By the time women reach the stage in their life when the menopause comes knocking, they would have been around the block long enough to have pondered the question, ‘who am I?’, several times. For some women the menopause offers a reflective time for this question because their role as a nurturer to their children has transitioned or maybe because they are coming towards the end of a working life.
Whatever the reason its always good to reflect on who we want to be and how we might continue to grow into our full potential without the limitations of others.
This week we feature the written work of Tammy Jennings reflecting on claiming her power as a woman. As Tammy says, ‘This writing came at a very important time for me…reclaiming power…..no other choice.’
Thank you Tammy for your contribution and thought provoking words.
Who am I?
I am this woman, this witch, the granddaughter of one that got away, that you didn’t, couldn’t burn.
Yet I burn anyway. I burn with the desire to feel, and to will my energies my connectedness to all that I know is true, and powerful, and right. But where can I find this fire inside of me that has been dampened down, like my hair, my anger, my voice?
They told me to be small, and in that way I would be safe, and accepted and allowed. They told me to be quiet, and in that way I would be safe, and accepted and allowed.
They lied. They lied because I am not safe, I am still sucked and punched and pulled, down, to their level. Told to be quiet, I stilled my voice, inside, that reminded me of whom I really was. I played instead with the toys and stories I was told were good, and acceptable and allowed.
Not powerful, not connected, but separate, and small.
I shaved my hair, in places I was told I was dirty, and I grew my hair, in places that made me invited, into the club that adores a woman’s touch. I had to look pretty, and young, and available, controllable, good.
But in my goodness, I got lost. I forgot the woman I was and when she came again and again, in my dreams, my mirror, my desires, because she could never truly be silenced, I thought she was ugly, and scared, and I told her to go away.
And I tried again, again to dismiss her.
But she returned.
And each time, I ignored, covered, and tried to pretend that I could live without her. I succeeded for a while and managed to live in the world of man, and squares, and solitude. Wringing my hands with washing, and silence. I became acceptable, employable, steady, calm and quiet. You’ve seen them, walking down the aisles, of supermarkets and weddings. Walking their babies, on pavements meant for cars, not women and children. Keeping their bodies tight, and creamy like dew, like new bread just risen, not at all stale, or thick or crusty. Beauty in all it’s acceptable glory.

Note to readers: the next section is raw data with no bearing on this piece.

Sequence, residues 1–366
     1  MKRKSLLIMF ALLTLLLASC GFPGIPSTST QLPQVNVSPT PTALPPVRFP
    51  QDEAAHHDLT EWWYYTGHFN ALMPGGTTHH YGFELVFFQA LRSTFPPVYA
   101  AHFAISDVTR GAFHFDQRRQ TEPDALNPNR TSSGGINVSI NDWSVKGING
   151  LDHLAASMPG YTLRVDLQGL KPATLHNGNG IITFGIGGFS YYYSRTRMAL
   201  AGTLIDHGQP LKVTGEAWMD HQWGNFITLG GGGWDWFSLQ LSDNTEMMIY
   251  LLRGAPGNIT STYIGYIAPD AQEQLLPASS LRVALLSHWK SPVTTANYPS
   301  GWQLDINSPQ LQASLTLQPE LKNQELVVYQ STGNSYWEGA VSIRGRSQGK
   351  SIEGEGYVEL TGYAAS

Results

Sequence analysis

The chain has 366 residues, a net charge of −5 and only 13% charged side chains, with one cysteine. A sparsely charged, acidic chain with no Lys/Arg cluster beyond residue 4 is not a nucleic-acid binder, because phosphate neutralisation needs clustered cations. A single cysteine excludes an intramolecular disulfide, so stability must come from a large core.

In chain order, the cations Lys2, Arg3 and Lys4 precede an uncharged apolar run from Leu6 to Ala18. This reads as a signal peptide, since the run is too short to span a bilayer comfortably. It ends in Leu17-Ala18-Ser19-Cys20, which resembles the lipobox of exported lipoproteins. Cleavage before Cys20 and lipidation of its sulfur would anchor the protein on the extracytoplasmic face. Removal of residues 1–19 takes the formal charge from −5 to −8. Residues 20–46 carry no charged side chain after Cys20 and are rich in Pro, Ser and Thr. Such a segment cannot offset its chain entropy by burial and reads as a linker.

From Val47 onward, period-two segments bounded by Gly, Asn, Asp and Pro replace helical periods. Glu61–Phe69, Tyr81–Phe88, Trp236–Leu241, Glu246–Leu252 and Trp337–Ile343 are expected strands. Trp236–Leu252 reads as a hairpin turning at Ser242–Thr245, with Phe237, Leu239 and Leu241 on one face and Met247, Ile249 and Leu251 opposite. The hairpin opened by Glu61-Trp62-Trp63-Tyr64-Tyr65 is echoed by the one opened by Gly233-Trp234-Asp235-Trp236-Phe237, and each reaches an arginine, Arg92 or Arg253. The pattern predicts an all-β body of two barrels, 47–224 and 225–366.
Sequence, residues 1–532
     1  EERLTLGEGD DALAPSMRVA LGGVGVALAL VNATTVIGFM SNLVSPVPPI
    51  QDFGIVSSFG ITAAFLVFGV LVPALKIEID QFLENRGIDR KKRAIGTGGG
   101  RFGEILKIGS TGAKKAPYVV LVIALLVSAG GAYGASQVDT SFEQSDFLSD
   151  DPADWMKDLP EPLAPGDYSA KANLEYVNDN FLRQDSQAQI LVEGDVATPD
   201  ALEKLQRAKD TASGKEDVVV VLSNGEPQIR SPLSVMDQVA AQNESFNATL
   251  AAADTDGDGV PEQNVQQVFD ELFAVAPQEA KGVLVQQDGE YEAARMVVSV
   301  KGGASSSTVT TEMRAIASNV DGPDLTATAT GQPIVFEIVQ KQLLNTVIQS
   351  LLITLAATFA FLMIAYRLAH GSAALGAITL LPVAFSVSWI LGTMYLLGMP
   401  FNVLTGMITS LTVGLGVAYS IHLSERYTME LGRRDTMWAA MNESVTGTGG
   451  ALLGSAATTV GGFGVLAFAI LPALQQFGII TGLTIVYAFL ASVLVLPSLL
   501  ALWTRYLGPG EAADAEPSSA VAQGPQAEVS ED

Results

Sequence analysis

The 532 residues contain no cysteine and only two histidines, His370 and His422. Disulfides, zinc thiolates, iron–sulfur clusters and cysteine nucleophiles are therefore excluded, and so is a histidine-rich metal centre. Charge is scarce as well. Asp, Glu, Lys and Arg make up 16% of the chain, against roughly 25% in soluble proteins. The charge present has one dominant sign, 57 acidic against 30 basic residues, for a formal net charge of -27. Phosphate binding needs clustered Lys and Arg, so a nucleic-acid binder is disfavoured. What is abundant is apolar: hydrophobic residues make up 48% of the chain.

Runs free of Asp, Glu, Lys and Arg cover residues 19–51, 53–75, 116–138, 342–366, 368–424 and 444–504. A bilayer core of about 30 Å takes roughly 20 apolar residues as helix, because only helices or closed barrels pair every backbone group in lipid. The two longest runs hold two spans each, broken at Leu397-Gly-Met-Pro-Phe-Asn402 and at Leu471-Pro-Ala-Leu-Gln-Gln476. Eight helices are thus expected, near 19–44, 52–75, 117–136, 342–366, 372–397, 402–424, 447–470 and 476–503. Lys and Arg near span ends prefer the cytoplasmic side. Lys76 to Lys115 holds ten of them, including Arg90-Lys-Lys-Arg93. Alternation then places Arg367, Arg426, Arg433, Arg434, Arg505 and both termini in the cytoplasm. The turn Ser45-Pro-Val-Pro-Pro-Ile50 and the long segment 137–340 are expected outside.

And then after miles of this dance, in high heels and suits and something akin to funeral parlour couture, one begins to unravel. And someone says, “Oh she couldn’t cope,” when she breaks down and cries “She’s had too much,” as if she just over indulged and it was her shame to bear this.
But that is not the truth. No matter how hard she tried to blot it out, she felt, and saw, and she became the woman she tried to ignore. The one who feels so deeply and truly, that covering the crying, dying, starving faces of her fellow sisters in a world gone crazy, with pore coverage and wrinkle creams just wasn’t working anymore. She cannot look away, yet curls inward with the protection she wishes she could give away. Powerless, rudderless she’s not sure which way or how to help. Inert, weak, she gives up and gives in.
This is who I am. In this awareness, of the suffering, I see, I am awake again, and want my hair back, and my power back and my burning back. Because it is in this burning that I am strong, and able to bear the burdens that I see and carry within my heart. Living in a world where people are silenced, raped, disenfranchised, moved from their homes to places of refuge, from places of war is too overwhelming to comprehend, or bear. With this burning I am strong, and able and alive. I will not be dampened down to become like the ashes, like the dead ones, like the grandmothers before me forever silenced.
If you feel inspired by Tammy’s words and want to make a contribution please get in touch with us at: firstname.lastname@example.org